'Rachael vs. Guy: Kids Cook-Off': Michelle Obama gives Ray and Fieri an assist

rachael-ray-newscom-325.jpgGiven her newest job, Rachael Ray freely admits she's now kidding around.

The popular food show and talk show personality squares off again against Guy Fieri -- her friendly rival on "Rachael vs. Guy: Celebrity Cook-Off," which returns this winter -- as each mentors a team of four youngsters when Food Network debuts "Rachael vs. Guy: Kids Cook-Off" Sunday, Sept. 8.

With first lady Michelle Obama helping to set up the premise in the premiere, each episode involves a specific theme and a guest judge. Television veterans Jennie Garth ( "Beverly Hills, 90210") and Marion Ross ( "Happy Days") are among those participants; the ultimate prize will be a Web series of the winner's own on FoodNetwork.com.

"For years, I've asked Food Network to do more kids programming," Ray tells Zap2it. "I wanted to be more involved in getting kids into the kitchen, especially with our efforts at [the nonprofit organization] Yum-O! So much of fighting childhood obesity is about making them responsible for their own food.

"One of the young ladies I had the pleasure of mentoring made a meal for the first lady," adds Ray, "and her whole thing is farm-to-table. Her father had Type 2 diabetes, and she started cooking more healthfully to try and help her dad with his illness ... and he doesn't have Type 2 diabetes anymore. Her mission is to get other kids to eat more vegetables."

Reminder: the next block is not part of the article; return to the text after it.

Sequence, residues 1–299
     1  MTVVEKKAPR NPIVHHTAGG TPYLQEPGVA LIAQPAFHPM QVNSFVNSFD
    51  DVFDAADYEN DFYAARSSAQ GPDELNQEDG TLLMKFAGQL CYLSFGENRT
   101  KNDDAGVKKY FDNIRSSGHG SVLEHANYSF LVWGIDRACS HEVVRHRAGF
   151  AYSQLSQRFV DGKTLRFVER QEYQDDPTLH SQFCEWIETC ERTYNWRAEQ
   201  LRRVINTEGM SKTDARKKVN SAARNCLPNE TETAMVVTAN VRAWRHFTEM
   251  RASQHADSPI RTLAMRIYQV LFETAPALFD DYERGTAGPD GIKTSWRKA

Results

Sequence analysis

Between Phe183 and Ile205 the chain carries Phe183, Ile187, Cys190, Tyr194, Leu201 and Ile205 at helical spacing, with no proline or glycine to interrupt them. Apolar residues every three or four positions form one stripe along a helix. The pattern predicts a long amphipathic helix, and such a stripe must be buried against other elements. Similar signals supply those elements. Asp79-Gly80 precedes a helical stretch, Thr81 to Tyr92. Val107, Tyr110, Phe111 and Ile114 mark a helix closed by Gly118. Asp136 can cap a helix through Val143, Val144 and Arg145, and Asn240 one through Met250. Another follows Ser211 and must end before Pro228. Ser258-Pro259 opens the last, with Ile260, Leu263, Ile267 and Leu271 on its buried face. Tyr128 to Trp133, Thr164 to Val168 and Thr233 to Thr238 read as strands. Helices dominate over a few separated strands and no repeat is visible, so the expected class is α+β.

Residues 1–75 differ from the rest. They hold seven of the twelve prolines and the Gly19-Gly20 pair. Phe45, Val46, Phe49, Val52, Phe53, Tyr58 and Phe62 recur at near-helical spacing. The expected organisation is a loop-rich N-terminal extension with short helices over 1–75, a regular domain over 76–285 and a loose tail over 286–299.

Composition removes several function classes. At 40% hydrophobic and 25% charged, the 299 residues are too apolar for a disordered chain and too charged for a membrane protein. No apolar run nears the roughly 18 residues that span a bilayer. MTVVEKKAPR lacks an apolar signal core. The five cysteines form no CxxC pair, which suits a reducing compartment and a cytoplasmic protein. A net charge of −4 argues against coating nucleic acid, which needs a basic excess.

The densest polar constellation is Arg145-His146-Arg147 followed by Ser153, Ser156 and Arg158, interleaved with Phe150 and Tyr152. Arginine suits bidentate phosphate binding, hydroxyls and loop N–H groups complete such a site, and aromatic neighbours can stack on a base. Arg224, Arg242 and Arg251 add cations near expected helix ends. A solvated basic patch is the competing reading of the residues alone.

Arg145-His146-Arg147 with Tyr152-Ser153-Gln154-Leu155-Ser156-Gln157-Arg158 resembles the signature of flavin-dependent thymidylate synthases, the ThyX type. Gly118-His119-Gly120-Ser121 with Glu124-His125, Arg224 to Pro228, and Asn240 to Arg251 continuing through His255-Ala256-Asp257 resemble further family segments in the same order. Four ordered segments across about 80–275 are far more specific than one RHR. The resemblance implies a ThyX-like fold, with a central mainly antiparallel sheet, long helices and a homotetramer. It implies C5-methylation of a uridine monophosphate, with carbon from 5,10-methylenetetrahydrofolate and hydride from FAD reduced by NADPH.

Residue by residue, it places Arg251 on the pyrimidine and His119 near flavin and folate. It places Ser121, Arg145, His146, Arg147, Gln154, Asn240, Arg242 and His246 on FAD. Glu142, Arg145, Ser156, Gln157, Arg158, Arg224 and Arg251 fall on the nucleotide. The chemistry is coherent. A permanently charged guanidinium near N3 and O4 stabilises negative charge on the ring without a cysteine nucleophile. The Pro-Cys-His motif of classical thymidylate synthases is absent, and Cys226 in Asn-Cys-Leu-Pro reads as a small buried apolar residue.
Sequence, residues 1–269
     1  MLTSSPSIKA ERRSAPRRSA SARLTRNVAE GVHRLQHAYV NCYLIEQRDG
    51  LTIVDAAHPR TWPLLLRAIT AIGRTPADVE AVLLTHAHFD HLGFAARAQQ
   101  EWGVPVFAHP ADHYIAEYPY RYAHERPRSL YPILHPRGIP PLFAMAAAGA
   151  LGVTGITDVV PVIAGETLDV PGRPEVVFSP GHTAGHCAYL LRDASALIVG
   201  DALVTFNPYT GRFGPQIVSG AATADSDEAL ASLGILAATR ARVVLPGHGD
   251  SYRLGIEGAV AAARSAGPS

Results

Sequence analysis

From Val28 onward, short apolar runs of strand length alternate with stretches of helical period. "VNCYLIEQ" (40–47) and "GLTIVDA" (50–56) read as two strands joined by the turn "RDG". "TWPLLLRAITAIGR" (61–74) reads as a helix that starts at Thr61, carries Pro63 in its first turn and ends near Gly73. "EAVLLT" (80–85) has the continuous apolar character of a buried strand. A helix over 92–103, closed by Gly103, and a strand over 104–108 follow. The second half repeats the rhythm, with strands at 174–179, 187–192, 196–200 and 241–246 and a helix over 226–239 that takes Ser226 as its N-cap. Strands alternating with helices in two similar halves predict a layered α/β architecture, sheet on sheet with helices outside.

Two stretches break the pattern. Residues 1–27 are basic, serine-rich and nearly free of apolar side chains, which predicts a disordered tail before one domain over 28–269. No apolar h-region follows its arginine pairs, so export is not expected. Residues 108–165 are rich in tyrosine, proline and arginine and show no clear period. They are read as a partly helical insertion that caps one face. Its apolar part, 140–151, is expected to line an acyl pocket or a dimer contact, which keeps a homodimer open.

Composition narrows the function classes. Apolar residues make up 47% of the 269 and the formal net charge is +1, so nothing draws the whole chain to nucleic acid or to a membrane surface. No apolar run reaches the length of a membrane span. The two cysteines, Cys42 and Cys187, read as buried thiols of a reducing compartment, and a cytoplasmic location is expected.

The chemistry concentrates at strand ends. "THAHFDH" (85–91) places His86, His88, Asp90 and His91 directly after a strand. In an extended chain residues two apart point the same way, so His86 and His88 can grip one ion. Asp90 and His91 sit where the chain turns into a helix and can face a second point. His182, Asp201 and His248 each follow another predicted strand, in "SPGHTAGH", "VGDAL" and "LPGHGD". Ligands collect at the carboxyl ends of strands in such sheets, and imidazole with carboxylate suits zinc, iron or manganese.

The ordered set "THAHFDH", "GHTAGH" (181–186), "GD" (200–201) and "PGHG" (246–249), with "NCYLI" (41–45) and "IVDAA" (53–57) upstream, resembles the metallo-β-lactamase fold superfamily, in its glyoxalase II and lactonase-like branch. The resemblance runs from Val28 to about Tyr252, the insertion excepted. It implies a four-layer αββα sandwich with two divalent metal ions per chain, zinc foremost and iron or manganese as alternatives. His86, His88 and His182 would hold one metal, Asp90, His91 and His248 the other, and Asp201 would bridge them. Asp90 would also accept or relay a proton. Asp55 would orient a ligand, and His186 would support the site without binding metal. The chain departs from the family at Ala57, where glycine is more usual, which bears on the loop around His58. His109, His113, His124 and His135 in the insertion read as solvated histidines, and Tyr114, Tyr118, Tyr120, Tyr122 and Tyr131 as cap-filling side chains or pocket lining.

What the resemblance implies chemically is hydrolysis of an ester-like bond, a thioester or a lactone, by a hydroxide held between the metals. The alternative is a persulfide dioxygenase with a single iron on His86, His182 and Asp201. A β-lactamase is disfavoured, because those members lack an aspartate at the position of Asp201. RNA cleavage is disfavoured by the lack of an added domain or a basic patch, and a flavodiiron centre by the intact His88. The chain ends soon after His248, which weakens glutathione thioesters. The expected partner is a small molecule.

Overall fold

Ray is proud that each of the youths on her "Kids Cook-Off" team has a meaningful personal story. "These kids are inspirations not only to other kids but to adults," Ray reasons. "I think this show will produce not only great chefs, but I think some of them will be really important. They're really remarkable."

Gordon Ramsay is another celebrity chef paying attention to younger cooks, since his Fox series "MasterChef Junior" premieres Sept. 27.

"I'm thrilled that Gordon is doing the same sort of programming," Ray says. "I'm curious to see what their take is. We have really intense mentoring sessions that go on for hours and hours, and these kids are hands-on, executing amazing recipes."

There's little doubt of the effect of "Kids' Cook-Off" on Ray, who likes its theme that "food can be a conduit not only to a more healthful life but to each other. This is the most important work I have ever done in television when it comes to the message of what food is."
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